But those names aren’t really the stuff Yankee fan dreams are made of. If the team decides to blow right on past that $189 number, some options open up. They could sign Stephen Drew and ask Derek Jeter very politely if he would consider playing third base. That, with a Tanaka signing, would be the best solution money can buy at this point.
If they are willing to take on other team’s bad contracts, the name that jumps to mind is Brandon Phillips. Since the Yankees are on his no-trade clause, Phillips is asking for more money if the Reds trade him into pinstripes. If the Yankees give the player what he’s asking for, and take on all of the contract, it might not take Brett Gardner to get a deal done.
At four years and $50 million, plus whatever Phillips wants added, that’s a steep price tag in terms of years if not dollars, plus the added loss of future tax dollars as they head past $189 million this year. The Braves are trying to unload the $26.4 million left on Dan Uggla‘s contract over the next two years. Even though his season last year was… not pretty, Uggla showed his customary power and came within a hair of the league average for on-base percentage at second base. His contact rate on pitches outside the zone dropped — and that’s to be expected of a 33-year-old — but so did his contact rate inside the zone. Much was made of his corrective eye surgery during the season, and his playing time suffered on his return. Maybe a little more recovery time after that surgery will allow Uggla to at least hit balls in the zone better.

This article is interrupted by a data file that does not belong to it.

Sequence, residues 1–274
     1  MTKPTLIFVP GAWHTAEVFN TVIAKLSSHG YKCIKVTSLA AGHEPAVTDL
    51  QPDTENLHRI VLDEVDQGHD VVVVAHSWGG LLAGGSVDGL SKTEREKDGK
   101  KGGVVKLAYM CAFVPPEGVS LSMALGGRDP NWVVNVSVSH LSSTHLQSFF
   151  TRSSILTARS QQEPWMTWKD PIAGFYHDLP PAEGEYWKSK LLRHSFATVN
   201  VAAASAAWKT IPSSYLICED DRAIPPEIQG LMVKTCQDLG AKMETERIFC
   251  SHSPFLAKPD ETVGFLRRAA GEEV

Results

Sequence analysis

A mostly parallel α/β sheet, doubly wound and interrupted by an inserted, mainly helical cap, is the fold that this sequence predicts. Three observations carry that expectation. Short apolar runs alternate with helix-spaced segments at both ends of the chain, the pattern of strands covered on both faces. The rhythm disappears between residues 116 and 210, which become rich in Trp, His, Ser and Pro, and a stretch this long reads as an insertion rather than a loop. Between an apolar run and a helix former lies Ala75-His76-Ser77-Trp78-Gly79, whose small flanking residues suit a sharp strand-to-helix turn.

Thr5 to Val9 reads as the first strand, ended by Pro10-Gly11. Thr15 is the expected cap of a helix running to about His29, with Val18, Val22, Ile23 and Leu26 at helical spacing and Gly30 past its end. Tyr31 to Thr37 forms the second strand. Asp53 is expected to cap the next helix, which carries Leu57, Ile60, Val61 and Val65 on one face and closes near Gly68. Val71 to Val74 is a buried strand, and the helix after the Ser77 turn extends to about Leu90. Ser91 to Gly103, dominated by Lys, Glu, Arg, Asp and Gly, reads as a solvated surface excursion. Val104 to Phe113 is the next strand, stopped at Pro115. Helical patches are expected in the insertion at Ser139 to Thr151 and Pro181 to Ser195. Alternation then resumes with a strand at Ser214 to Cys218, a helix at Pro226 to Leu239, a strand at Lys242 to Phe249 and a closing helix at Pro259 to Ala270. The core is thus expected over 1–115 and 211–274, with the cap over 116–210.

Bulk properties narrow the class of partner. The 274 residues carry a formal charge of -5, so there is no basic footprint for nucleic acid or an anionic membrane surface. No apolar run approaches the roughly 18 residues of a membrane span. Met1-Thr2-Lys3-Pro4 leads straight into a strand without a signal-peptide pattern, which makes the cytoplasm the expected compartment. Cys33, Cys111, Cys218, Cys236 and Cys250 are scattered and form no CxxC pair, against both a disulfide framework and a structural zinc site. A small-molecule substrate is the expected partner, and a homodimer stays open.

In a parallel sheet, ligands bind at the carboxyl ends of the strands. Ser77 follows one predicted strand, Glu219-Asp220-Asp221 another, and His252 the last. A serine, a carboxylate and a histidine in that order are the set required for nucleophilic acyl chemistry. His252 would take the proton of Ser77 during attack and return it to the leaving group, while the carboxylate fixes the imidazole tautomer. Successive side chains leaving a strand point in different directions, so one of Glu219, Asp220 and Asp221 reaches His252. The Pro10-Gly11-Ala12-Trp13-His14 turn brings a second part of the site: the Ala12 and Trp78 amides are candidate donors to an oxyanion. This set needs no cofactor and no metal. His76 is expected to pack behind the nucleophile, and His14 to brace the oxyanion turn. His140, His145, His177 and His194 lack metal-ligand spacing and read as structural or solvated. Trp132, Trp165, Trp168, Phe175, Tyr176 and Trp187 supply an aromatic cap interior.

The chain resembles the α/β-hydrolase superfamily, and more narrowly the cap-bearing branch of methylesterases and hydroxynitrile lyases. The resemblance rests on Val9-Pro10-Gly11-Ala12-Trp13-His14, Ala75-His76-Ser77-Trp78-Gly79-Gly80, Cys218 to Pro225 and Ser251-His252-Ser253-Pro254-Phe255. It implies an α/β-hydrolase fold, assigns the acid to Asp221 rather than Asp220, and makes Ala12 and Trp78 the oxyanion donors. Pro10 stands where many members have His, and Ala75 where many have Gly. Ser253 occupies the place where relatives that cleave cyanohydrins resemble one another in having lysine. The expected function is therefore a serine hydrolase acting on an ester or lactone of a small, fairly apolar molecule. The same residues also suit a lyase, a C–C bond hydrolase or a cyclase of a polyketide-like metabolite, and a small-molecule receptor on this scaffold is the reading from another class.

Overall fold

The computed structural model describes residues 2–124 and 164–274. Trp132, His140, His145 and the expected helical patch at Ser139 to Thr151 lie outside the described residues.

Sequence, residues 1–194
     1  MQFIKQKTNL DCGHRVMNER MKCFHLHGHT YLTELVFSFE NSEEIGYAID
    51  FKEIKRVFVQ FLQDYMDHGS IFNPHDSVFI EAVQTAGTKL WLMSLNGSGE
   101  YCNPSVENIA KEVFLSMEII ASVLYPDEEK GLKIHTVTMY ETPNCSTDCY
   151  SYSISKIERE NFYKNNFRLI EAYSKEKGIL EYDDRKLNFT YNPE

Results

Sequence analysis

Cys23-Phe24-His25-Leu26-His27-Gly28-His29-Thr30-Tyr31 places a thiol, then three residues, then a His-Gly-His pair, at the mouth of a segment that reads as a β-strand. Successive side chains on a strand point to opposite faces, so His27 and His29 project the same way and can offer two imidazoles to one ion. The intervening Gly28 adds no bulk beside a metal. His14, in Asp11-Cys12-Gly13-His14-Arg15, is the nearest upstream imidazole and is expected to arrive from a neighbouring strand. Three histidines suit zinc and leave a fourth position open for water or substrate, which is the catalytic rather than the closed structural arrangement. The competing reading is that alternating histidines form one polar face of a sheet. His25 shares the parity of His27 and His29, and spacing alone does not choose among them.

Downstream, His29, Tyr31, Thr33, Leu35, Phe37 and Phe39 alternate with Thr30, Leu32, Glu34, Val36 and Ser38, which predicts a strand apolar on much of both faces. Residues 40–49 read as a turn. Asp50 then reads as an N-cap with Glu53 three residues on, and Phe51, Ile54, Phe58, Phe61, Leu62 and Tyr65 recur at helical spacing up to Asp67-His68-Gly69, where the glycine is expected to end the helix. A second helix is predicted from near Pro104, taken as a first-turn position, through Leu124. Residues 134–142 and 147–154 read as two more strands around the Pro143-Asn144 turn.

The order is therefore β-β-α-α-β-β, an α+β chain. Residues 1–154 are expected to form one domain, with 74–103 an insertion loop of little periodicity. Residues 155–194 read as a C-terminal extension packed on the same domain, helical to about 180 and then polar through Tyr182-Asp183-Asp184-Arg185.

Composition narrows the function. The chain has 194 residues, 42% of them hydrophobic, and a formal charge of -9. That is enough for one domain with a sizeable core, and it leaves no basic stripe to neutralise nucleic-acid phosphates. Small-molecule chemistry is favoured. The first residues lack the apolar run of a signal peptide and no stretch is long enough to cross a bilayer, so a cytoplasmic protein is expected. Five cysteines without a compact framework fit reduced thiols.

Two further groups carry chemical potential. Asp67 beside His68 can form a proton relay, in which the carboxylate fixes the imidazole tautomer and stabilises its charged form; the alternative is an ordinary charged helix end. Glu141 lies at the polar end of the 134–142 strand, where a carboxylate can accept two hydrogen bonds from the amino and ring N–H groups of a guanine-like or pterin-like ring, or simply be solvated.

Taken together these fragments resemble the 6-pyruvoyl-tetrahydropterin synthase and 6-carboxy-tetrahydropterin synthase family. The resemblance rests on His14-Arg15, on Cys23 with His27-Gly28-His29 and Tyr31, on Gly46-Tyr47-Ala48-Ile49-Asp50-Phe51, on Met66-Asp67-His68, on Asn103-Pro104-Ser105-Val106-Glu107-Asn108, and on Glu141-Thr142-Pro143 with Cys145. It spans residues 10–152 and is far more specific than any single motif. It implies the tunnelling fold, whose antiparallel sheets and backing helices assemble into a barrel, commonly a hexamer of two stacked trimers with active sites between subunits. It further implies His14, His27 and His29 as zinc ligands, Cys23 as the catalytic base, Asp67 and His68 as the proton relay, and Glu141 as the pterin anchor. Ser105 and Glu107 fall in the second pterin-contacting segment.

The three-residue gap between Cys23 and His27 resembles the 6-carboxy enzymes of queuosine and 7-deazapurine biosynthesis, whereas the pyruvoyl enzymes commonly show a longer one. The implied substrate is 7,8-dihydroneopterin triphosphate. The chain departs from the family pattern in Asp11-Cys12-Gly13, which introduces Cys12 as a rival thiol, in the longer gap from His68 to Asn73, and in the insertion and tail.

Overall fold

If Uggla is truly less than a two-win player next year, the Braves might have to throw in $10 million to make the deal work. If they put that ten million against the first year, Uggla could cost as little as four million dollars in 2014 and actually fit a $189 million plan for this season. With today’s signing of Matt Thornton, they would still need to jettison Ichiro, but they’d only need to save two or three million to make it work.
The nice thing about the Dan Uggla Plan is that the Yankees can do it now and stay below the $189 million number, assuming an A-Rod suspension lasts the year. Adding Uggla and inviting Justin Turner to camp could give the Yankees two wins at third base (by pushing some of the talent around the infield) in 2014, and that was a position at which New York failed to produce a win last season. If the Yankees want to stick to their budget, you may see this sort of solution in the Bronx next year, and it’s not necessarily a terrible thing.